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How Changing Your Intentions Leads to Success

Some time or another in life, we have all been advised to set goals for ourselves on things that are important to us. It’s natural for us to set a goal based on tangible outcome variables, like getting a job offer, an A on a test, or making the soccer team. There’s a satisfying physical element to all of these–– something you can see on paper–– that makes you say, “Yes! I did it, and the evidence is right here!

We, as people, intrinsically relish this. We enjoy seeing the completion of our goals visually so we can know for sure that we were victorious without question and feel proud about it. That’s a big reason why we have certificates and trophies. Focusing on outcome variables can be great when we receive them, but pretty disappointing when we don’t. Focusing solely on outcome goals leads to increased pressure in attaining a goal, and consequently, an increased level of pessimism if you were not to receive the desired outcome. Often, the pressure and stress you place upon yourself to reach those goals is enough to make you crumble and fail in the process. In other words: it’s putting too much emphasis on an external variable that you ultimately don’t have complete control over, and too little emphasis on internal goals and feelings that you have more of a say in. 

The harsh reality of it all is that we are always going to focus on an outcome naturally. This notion has been instilled in us for so long that it is almost impossible to stop idealizing a life where you denote your success to the number of goals you achieve. However, a way of reducing this is to attempt to change the way you set your goals away from outcome variables and towards “effort-based variables.” There is a lot of evidence behind effort-based self-talk boosting both self-efficacy and optimism, particularly when learned and practiced from a young age (Thomaes et al., 2020). Effort based self-talk encourages people to try their best in what they are doing. In contrast, repeating affirmations like “I’ll do my best” or “I will try hard on this” instead of affirmations that focus on the result of their performance, like “I will get an A on this,” or “I will receive recognition from others because of this.” This puts less emphasis on outcome variables and more emphasis on the journey it takes, which puts much less pressure on the person. This is precisely the type of self-talk that encourages intrinsic motivation, pushing people to better themselves through positive skill development instead of bettering themselves through end-goal attainment. 

You may be wondering if effort-based self-talk drives as much motivation as outcome-based self-talk. Wouldn’t working towards something tangible, like a certificate or trophy, make you more inspired to work hard instead of working for the sake of “trying your best”? Well, it all depends on how you look at it. Making “trying your best” your end goal will place emphasis on something you are almost always able to be successful in; you’re almost always able to try the best you personally can (unless you’re sick), and making this your end goal will always make you succeed. In the meantime, it’ll make you put as much effort into a task as possible, which often leads to the outcome variables you once dreamed of (awards, recognition, positive relationships, etc.) without the pressure and stress you had before. A win-win! And, if the outcomes you desired don’t come with your hard work, you can be comforted in knowing that at least you were successful in trying your hardest.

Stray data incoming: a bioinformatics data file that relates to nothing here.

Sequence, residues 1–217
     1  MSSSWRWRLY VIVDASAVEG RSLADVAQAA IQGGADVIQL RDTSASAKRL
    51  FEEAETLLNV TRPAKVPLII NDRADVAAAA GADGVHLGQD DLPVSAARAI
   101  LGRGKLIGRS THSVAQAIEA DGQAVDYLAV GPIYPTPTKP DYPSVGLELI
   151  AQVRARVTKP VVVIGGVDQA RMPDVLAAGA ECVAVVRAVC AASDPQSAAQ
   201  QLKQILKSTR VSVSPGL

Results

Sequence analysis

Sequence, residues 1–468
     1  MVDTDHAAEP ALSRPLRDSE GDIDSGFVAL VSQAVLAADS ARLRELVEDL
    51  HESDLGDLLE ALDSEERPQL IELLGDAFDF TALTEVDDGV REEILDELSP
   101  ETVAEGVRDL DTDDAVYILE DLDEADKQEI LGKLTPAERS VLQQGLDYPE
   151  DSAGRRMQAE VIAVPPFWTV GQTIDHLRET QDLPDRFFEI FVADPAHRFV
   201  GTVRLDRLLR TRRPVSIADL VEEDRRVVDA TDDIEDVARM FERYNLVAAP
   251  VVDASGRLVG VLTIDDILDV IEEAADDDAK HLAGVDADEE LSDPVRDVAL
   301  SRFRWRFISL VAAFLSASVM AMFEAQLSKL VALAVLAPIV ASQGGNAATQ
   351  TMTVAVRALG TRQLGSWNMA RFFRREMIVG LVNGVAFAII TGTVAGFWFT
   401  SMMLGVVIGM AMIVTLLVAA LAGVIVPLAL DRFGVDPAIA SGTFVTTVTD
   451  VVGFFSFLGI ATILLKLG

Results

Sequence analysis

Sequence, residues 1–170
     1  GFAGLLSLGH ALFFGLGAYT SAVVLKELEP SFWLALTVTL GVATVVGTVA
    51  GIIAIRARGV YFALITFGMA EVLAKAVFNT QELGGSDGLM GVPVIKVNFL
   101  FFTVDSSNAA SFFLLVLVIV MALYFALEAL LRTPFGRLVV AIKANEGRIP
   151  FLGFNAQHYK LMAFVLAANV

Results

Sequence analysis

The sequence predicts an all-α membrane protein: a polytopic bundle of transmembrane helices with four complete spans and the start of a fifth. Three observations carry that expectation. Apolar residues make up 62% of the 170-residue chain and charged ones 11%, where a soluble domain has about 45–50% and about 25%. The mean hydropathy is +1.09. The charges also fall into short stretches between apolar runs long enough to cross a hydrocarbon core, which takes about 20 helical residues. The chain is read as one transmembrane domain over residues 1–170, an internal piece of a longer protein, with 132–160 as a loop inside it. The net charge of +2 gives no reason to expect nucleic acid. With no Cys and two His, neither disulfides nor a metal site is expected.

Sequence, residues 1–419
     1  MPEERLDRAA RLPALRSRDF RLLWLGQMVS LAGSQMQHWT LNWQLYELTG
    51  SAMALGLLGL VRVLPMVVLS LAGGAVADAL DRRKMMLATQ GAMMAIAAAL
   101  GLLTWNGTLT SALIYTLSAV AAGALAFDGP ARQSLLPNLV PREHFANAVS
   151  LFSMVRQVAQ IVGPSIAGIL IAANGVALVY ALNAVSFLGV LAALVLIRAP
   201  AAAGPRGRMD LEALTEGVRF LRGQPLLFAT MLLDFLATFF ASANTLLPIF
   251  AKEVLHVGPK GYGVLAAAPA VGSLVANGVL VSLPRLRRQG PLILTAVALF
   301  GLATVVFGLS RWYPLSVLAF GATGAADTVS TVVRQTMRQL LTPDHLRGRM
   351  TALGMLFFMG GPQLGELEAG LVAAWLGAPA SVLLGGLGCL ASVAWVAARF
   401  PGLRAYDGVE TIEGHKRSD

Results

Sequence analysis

In lieu of finals, job application deadlines, and holiday plans quickly approaching, I believe that this outlook is an extremely important one to have and one that will keep you much happier and more optimistic about your abilities. I encourage you all to form your thoughts from a place of already possessing all of the skills, abilities, and talents you need. Instead of thinking, “I want to ace this final,” think “I will work the hardest I can in studying for this final.” Instead of thinking, “I want to get a job offer,” think “I will put time into applying for jobs and practicing interviews.” And, instead of thinking, “I want my friend to love the gift I got them, I need it to be perfect,”, think “I am going to put thought and effort into their gift.” It’s all about doing everything in your power to work your most challenging, instead of putting the end goal on a pedestal that depends on someone/something else. 

Jordan is a senior Psychology major and Women & Gender Studies minor at TCNJ, with an interest in becoming a clinical psychologist in the future. In her free time, she loves making lengthy spotify playlists, drawing, trying out new recipes, and rewatching the same 5 tv shows over and over.
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